Keep Your Track On the Snow

David & LInda Aksomitis snowmobiling in the Qu'Appelle Valley in 2008.
David & LInda Aksomitis snowmobiling in the Qu’Appelle Valley in 2008.

It’s January 2013–despite years of build-up with the Mayan prophecy that many indicated would mean the end of the world on December 21, we’re still here. For those trying to predict the end, perhaps it will come from climate change after all. As a writer, I find it intriguing to study the science and consider the possibilities–and there are many–now for the time to write the book!

I’m a planner. By the time January ends I should have my major commitments inked in for 2013. And I’ve looked at what I want to accomplish and set some goals.

This year, I’m taking my inspiration from snowmobiling for that goal setting. I ended up upside-down on my handlebars twice in December this year, so I’ve taken a lot of teasing about keeping my track on the snow instead of in the air. And it occurs to me that maybe there’s a metaphor in there to be applied to the rest of my year.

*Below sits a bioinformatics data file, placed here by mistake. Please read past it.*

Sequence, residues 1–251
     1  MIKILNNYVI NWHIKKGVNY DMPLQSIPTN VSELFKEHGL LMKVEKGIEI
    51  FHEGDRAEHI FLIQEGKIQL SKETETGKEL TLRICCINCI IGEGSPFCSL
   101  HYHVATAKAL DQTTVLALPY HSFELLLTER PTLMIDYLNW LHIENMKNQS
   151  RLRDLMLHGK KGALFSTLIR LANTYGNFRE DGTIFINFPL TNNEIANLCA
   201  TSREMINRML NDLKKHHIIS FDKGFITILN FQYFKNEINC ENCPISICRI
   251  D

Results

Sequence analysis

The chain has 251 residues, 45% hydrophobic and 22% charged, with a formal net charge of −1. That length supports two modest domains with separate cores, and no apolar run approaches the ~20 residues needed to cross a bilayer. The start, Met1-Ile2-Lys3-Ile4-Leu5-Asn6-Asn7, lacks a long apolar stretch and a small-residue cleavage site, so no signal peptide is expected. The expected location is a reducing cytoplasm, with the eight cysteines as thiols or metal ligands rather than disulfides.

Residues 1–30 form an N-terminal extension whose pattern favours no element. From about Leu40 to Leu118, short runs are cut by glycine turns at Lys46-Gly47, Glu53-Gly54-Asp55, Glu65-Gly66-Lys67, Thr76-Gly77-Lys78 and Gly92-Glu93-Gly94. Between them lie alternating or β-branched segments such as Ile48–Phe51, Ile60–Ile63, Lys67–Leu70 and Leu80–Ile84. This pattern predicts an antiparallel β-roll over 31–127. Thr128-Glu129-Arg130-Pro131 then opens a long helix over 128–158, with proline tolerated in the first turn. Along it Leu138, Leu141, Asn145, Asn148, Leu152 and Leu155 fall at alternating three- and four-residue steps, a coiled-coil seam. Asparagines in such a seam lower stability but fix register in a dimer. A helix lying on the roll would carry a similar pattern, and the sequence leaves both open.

Both of my rollovers were caused by the same thing, which was charging ahead without sufficient knowledge of the conditions I was going to encounter. We’ve all done that before!

So, in keeping my track on the snow metaphorically speaking, I’m planning to take a little more time with my planning this year, and make sure I know what I’m getting into. Weigh all of my options. Slow down enough to see what’s really around the bend before I hit the throttle.

2 thoughts on “Keep Your Track On the Snow

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